I'm Sober, But My Partner Is Not
According to the Partnership for Drug-Free Kids, over 23 million Americans over the age of 12 are addicted to alcohol, drugs, or both. Similar results show that if are sober and have overcome an addiction, then you are one of 22.35 million others in recovery.
The statistics are provided by a study completed in recent years. These numbers may even be higher since not all addictions and recoveries are reported. This means you are at least one out of every ten people who are in recovery.
Feel Proud About Being Sober
You have accomplished something challenging. And although you may still struggle at times, you are doing what it takes to stay sober. Sadly, this also means approximately one out of every ten Americans are still struggling with addiction. What happens when you (in recovery) finds yourself in a relationship with one of those ten people still struggling with addiction?
You know you are putting your sobriety in jeopardy, but you don’t know what to do. You think of walking out on them, but you know what it’s like to be addicted, and you don’t want to leave them alone. You want to force them into treatment, but you know if they are not ready, they will relapse. It is not easy to navigate a relationship in which you are sober, but the one you love is not.
Below are some specific actions you can take that will help you figure out the best solution.
When you love someone, it makes sense that you want to help them when they are ill. And you know that being addicted is a disease, an illness. But, trying to help someone else fight their disease can make it hard for you to stay sober when you are in recovery. If you find yourself putting your needs to the side to support your partner’s addiction, you may also be struggling with co-dependency.
Your main goal right now must be to prevent a relapse. This may mean you must separate from your addicted love one for a while. Being around someone who is still using is too risky. Plus, your partner needs to experience the consequences of their addiction. Because it takes two people to make a healthy and strong relationship, you can’t begin to work on yours anyway. Therefore, all your focus needs to be on your sobriety.
Be Realistic About Your Relationship
Best-case scenarios always end with you and your partner, both sober and happy forever. This can happen, but only after you both get sober. Right now, your partner is still using. You must make decisions based on the reality of your relationship, which may include painful, but necessary, choices. Your living environment must encourage sobriety. If it does not do so today, then you must make changes, today.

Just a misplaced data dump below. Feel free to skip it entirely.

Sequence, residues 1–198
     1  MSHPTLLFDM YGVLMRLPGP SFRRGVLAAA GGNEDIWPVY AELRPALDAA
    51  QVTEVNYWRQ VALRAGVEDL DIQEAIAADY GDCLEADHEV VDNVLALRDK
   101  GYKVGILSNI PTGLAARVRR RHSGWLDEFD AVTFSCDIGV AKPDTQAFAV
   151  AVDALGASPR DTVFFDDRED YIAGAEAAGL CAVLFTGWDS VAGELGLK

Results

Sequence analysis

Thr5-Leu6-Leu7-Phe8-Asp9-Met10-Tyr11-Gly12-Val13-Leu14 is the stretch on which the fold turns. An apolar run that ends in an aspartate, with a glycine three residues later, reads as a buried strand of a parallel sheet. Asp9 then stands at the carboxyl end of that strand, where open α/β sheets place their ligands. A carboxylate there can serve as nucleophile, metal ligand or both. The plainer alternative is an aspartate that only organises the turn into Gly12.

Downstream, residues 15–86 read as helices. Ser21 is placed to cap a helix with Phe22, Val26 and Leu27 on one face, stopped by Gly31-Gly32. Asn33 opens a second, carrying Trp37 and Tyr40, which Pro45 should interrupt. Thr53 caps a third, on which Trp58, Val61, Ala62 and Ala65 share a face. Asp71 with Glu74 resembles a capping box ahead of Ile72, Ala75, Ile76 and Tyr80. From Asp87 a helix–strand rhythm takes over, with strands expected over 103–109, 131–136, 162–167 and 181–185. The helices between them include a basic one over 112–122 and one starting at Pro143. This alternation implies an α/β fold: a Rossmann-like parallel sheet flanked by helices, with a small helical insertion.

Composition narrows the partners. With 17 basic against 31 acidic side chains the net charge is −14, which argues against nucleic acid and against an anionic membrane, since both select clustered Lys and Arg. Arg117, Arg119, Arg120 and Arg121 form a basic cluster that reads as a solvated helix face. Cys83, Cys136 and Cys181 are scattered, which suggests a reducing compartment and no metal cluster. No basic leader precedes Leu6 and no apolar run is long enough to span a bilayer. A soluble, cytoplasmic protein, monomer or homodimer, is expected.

If your partner is unwilling to seek treatment, they are not ready to get sober. You cannot be a part of their addiction. Therefore, you cannot be in a relationship with them right now. If your partner seeks treatment, you can stay with them and make your relationship better through intensive individual and family therapy. If you can engage in recovery together, as you engaged in addiction together, your relationship will thrive.
Increase Time in Therapy
Even if you feel like nothing can trigger you to relapse, you need support from an addiction specialist. First, feeling overconfident in recovery can be dangerous. Second, you need help deciding how to handle the continued use of substances by your partner.
You don’t have to make hard decisions alone. And even though we are being asked to stay home due to the coronavirus scare, you still have access to therapy. One significant outcome of COVID19 is that virtual treatment improved, and now you have more options than ever before to connect with mental health and addiction specialists from the comfort of your home.
You can attend individual counseling sessions online, but you can also participate in Alanon, AA and NA support groups, mental health support groups, and even online groups that center on living with an addicted partner. You can build a support network, which is essential for recovery, with people across the nation. You can also learn how to set boundaries with your partner.
Set and Keep Boundaries
You know from experience how easy it is for an addict to manipulate people to get what they want. Now that you are on the other side of addiction, you must now get good at avoiding manipulation. Setting and following through with boundaries helps you stay sober, and it helps you feel good that you are not helping your partner stay addicted.
Even when it may be much easier to give in, stay strong, and hold your ground. Boundaries you must set in a relationship include anything that can put your sobriety in jeopardy, like allowing your partner to have parties at your house with others who are drinking or using drugs. Do not allow drugs or alcohol in your home.
Avoid giving your partner financial support that enables them to get drugs or alcohol. Do not bail them out of legal trouble. Do not give them rides to obtain their drug of choice, even if they pay for it with their own money. Don’t cover for them or make excuses for them. Don’t waste your time on guilt trips or telling them what to do. Finally, do not allow them to abuse you physically, verbally, or emotionally, ever.
If you are like most, we think being selfish is a bad thing. The truth, however, is that if we are not selfish in some areas, we cannot be selfless later on. Taking care of yourself is the key to a successful recovery. The healthier you are physically and mentally, the better you can prevent relapse and help your partner fight relapse once they become sober. Be there for yourself so you can be there for your partner.